Click-ma-Doodle        Brian Hooper, March 2006
Buckyeye says, now look here mush,
Up along Pear Tree, hidin' in a bush,
There's the devil himself, it's true my boys;
I've heard him myself, makes the devil of a noise.
Old Nick's in the bush up Pear Tree.
Ole Chap says, I've heard him talk,
Out with the dog for 'is evening walk,
I swear I heard him a'clickin' his tongue
Don't know what he said, 'cos the dog did run.
Old Nick's in the bush up Pear Tree.        
    We're the boys who make no noise,
    we fear no fish nor poodle;
    So we set out some darksome night,
    and killed that click-ma-doodle.
Well that's no good, old Shiner said,
A-wringin' his cap and a-rubbin' his head,
He'll wake all the dead in the graveyard there,
We'll have to go and tell him we don't much care
For Old Nick in the bush up Pear Tree.    
So all of the lads agreed to go,
One dark night when the moon was low,
To tell the devil, without any fear,
We didn't want him clickin' round here,
Old Nick's in the bush up Pear Tree.
    We're the boys........
We carried sticks, we carried stones,
If the spooks rose up we'd break their bones,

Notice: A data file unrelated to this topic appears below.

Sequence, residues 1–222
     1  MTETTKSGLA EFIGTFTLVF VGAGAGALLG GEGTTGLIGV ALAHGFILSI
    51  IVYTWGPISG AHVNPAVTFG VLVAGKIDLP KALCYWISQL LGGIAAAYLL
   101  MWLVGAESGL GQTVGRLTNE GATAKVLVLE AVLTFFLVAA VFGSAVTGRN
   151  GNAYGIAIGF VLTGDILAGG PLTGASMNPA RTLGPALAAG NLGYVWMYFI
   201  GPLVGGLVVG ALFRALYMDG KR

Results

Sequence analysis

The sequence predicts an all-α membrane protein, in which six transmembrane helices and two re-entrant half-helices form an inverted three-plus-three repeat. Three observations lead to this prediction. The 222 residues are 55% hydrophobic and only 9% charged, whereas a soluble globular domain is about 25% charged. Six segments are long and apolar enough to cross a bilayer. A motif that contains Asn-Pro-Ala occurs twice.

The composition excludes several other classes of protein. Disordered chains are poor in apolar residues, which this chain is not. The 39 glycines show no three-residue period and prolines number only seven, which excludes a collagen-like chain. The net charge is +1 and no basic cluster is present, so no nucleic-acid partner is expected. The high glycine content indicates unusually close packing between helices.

But it made us all jump, and young Puffy was sick,
When we heard the devil go click, click, click,
Old Nick's in the bush up Pear Tree.        
Then up from the bush jumped the devil himself
And he said "Take this for your mantelshelf,
It's only you mortals need a clock
And it's driving me mad with its tick tick tock"
Old Nick's in the bush up Pear Tree.
    We're the boys........
Now I don't know but I've heard a rumour,
Old Jack Savage had a sense of humour,
Nobody saw old Jack that night
But somebody gave us the devil of a fright,
Old Nick's in the bush up Pear Tree.
    We're the boys........
Following the release of “Southampton In Song”, I got to hear quite a lot about old Southampton from people who’d heard the album or came along to live performances of the songs.  The story of the Click ma Doodlers of old Itchen Ferry village was one of the gems, and it came with a fragment of song (the rather strange “we’re the boys ....” chorus).  Cheryl Butler, of the Diaper Heritage Association, told me the story and also gave me some of the nicknames in use in Itchen Ferry, such as Buckyeye.  There were just a few families there, and they used a limited range of Christian names, so pretty much everyone had a nickname so that people knew who they were talking about.
I heard a second version of the story, in which the clock had apparently been washed ashore.  The story was already somewhat far-fetched and I thought a waterproof clock was a step too far!
Itchen Ferry village was destroyed one night in 1940 by wartime bombing, being very close to the Spitfire factory, and the area is now just part of Woolston.
back to “A Year In Providence”